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absence for two months, it was pleasant once more to look on those hills, on those mountains, those horizons, so familiar, so well known to us all, and so full of souvenirs, but also such a magnificent spectacle! There was not a breath to stir the air. The shades of night were gradually disappearing from the mountains. First came in sight the houses of Merz-el-Kebir, standing out from the walls of the old Spanish fortress: then the dis



mountains which for the space of a league runs along the bay, separating the port from the city of Oran, and at last the fort St. Gregory, proudly posted half way up on the right, at the foot of Santa-Cruz, an eagle's nest on the summit of a naked mountain ridge, which looks over town and country for miles round. Under the cannons of the batteries of St. Gregory, the streets of the city wind along the sides of the hill, stopping at the walls of Chateau Neuf, a vast structure

Philip V. On the east, on the line of sea-beaten cliffs, the eye may discover a mosque, the barrack of the African chasseurs, and built by them ten years before; further on, on the shore opposite Merz-el-Kebir, the bare declivities of the moun

tain of Lions, and on the horizon the rocks of the Iron Cape. On all these hills, and all these mountains, there is not a tree or a plant to be seen. At the entrance of the Oran ravine there is, however, a little spot of verdure just visible, and no more, at the angle of the mountain of Santa-Cruz. There is, too, a village of white houses, in the midst of gardens, standing out, as it were, at the foot of the mountain of Lions on the sea shore. Light vapours softened the angular contours of this grand scenery, of which the breeze brought us all the morning perfumes.

Leaning over the ship's sides, we contemplated for a time this enchanting panorama. The cries of the Maltese, disputing for the baggage of the passengers, soon recalled us, however, to practical realities. Happily we had not the annoyance of superintending our own disembarkation, for the commandant of the port put his boat at the disposal of the military governor of the province, whom he thought on board; and as we were ordnance officers of General de Lamoriciere, who had gone to Algiers to receive the instructions of Marshal Bugeaud, we made no scruple in profiting by the mistake. A few vigorous strokes of the oar sufficed to put us on shore.

There is an hour and a half's march between Merz-el-Kebir and Oran. In the time of the Spaniards, and during the first years of our occupation, one could only reach the city. by following a narrow path ascending across St. Gregory, which is four hundred feet higher than the houses of Oran. This path was exceedingly dangerous, for if your horse or mule stumbled, there was risk of being precipitated headlong into the sea. But all this has been remedied. The soldiers of the garrison of Oran, on their return from an expedition, laying down their muskets, took up the spade and the pickaxe, and, under the direction of engineer officers, cut a large commodious road through the side of the mountain, where our jaunting cars (char-a-bancs), without being under any anxiety about pedestrians and droves of asses, might rival in swiftness the hundred little open carriages we met, and which at the report of the signal gun of the French courier, were hurrying passengers to embark. Our two ponies, who only went the faster for their thinness, soon brought us to Chateau Neuf. It was there that we were to wait for General Lamoriciere. When one chooses a house, it is the usage in this country to take possession simply by saying, “I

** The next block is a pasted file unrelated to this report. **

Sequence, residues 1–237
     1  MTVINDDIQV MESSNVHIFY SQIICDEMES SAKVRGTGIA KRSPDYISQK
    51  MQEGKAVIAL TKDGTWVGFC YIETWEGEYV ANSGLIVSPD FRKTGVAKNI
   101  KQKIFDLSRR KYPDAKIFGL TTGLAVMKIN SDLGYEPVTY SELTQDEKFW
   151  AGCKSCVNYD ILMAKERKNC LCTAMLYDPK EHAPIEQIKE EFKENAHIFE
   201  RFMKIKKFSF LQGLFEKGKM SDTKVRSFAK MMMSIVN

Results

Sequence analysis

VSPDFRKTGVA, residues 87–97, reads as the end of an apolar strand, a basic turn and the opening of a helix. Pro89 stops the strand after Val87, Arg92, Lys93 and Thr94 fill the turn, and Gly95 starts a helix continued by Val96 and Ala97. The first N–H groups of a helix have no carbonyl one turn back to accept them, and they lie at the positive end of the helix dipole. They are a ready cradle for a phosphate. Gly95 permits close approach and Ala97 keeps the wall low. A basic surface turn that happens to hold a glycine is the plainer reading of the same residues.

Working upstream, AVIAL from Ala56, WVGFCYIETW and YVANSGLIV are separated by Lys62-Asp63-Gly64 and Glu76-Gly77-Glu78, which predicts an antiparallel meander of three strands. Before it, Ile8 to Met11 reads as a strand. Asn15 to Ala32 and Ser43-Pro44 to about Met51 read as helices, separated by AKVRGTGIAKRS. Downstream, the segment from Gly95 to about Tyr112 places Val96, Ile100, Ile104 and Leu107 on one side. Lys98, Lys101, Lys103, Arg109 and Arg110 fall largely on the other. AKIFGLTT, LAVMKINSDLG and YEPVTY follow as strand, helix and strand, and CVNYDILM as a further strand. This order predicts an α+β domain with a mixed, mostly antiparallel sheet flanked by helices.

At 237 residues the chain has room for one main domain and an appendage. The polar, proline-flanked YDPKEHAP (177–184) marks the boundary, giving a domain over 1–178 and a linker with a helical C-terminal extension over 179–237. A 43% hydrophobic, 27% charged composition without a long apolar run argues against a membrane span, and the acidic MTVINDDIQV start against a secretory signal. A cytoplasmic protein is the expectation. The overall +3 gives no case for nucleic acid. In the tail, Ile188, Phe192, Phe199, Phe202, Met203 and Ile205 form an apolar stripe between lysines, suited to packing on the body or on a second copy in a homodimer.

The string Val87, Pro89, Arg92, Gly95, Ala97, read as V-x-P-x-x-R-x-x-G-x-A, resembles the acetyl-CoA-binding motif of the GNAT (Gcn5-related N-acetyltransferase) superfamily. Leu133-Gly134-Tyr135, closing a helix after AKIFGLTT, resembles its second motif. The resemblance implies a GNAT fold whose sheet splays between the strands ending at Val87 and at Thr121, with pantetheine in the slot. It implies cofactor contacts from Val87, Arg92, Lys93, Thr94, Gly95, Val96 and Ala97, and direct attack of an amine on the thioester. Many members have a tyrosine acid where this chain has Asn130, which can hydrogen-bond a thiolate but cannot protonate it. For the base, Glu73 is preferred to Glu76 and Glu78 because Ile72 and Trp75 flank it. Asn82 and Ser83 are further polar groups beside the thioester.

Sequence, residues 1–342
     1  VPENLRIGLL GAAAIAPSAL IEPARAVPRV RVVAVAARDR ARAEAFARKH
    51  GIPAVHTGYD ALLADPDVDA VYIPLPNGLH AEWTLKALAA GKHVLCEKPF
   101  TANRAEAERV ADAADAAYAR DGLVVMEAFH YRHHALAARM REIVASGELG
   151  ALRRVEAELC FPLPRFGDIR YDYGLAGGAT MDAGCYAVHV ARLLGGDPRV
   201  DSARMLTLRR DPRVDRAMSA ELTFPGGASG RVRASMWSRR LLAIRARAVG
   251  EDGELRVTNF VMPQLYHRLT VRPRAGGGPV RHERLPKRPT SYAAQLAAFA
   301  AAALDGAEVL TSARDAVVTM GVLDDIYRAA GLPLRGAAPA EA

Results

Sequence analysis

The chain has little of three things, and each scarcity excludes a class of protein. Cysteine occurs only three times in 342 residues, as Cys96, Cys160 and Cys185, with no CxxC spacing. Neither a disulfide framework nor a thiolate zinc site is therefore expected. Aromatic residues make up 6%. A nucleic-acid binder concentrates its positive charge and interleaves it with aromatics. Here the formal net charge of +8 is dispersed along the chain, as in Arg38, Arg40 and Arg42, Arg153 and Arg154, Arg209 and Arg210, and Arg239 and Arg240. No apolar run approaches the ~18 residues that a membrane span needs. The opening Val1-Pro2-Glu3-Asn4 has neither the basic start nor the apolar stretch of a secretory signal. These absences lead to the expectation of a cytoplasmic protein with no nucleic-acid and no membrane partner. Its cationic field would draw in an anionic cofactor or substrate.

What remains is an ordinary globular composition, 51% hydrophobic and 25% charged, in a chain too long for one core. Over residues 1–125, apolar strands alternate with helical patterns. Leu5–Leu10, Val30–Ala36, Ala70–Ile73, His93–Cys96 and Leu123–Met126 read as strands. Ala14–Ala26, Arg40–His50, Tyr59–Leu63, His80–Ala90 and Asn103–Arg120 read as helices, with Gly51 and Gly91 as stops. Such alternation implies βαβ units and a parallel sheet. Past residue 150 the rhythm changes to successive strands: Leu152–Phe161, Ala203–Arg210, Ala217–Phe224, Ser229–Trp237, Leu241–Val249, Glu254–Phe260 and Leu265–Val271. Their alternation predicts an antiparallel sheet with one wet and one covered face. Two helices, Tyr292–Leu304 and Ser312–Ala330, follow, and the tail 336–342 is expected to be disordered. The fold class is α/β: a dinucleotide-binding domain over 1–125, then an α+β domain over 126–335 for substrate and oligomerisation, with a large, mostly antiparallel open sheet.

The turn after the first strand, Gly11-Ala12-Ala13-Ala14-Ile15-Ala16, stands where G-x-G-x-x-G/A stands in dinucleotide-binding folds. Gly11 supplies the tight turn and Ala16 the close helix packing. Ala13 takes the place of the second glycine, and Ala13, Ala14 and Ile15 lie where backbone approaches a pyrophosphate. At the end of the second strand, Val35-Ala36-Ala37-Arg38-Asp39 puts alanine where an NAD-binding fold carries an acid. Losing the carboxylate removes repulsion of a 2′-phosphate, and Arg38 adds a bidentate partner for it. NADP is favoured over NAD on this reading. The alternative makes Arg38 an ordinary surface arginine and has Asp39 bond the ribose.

live here.” The General had complied with this custom, and had taken Chateau Neuf for his abode; but if any one had wished to know where, for the last six years, he had passed his nights, he would have been obliged to make his inquiries at all the bivouacs of the province.



The peace, which had been so violently disturbed by the great revolt of 1845, was again completely re-established. The tribes had again sued for mercy, and, according to a prevalent saying in this country, a woman might have traversed the province of Oran, erewhile so rebellious, with a crown of gold on her head, in perfect security. The work of war over, and tranquillity maintained by a firm and vigilant commandant, the thoughts of all turned towards colonization. Ministers, generals, deputies, all dreamed but of colonization, great or small, military or civil, undertaken by private companies, or by the state. In a word, all systems were on their trial, but at Oran, colonization through individual industry was most in honour, and as soon as General Lamoriciere had returned from Algiers, all his attention was given to grants and grantees.

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